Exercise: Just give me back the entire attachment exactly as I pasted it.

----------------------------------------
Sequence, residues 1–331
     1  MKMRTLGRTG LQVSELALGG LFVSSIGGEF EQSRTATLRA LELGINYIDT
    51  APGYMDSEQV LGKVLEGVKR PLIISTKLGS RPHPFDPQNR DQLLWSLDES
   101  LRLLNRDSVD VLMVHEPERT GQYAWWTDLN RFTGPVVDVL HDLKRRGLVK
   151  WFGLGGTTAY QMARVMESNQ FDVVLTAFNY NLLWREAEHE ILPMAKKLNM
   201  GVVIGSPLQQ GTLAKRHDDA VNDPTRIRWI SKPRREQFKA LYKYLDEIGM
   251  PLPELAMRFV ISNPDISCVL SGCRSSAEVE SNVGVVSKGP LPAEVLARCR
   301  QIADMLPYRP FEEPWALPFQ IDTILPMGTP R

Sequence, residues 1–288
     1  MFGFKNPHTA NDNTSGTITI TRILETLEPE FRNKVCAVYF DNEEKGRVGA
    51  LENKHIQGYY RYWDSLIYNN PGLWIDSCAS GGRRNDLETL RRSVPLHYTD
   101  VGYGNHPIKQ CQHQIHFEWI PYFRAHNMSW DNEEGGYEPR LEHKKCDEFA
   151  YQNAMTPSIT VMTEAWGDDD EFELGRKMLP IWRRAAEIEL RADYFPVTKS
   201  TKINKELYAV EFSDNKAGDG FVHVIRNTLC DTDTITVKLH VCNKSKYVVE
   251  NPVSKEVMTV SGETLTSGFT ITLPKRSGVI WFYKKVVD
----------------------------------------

Sequence, residues 1–331
     1  MKMRTLGRTG LQVSELALGG LFVSSIGGEF EQSRTATLRA LELGINYIDT
    51  APGYMDSEQV LGKVLEGVKR PLIISTKLGS RPHPFDPQNR DQLLWSLDES
   101  LRLLNRDSVD VLMVHEPERT GQYAWWTDLN RFTGPVVDVL HDLKRRGLVK
   151  WFGLGGTTAY QMARVMESNQ FDVVLTAFNY NLLWREAEHE ILPMAKKLNM
   201  GVVIGSPLQQ GTLAKRHDDA VNDPTRIRWI SKPRREQFKA LYKYLDEIGM
   251  PLPELAMRFV ISNPDISCVL SGCRSSAEVE SNVGVVSKGP LPAEVLARCR
   301  QIADMLPYRP FEEPWALPFQ IDTILPMGTP R

Sequence, residues 1–288
     1  MFGFKNPHTA NDNTSGTITI TRILETLEPE FRNKVCAVYF DNEEKGRVGA
    51  LENKHIQGYY RYWDSLIYNN PGLWIDSCAS GGRRNDLETL RRSVPLHYTD
   101  VGYGNHPIKQ CQHQIHFEWI PYFRAHNMSW DNEEGGYEPR LEHKKCDEFA
   151  YQNAMTPSIT VMTEAWGDDD EFELGRKMLP IWRRAAEIEL RADYFPVTKS
   201  TKINKELYAV EFSDNKAGDG FVHVIRNTLC DTDTITVKLH VCNKSKYVVE
   251  NPVSKEVMTV SGETLTSGFT ITLPKRSGVI WFYKKVVD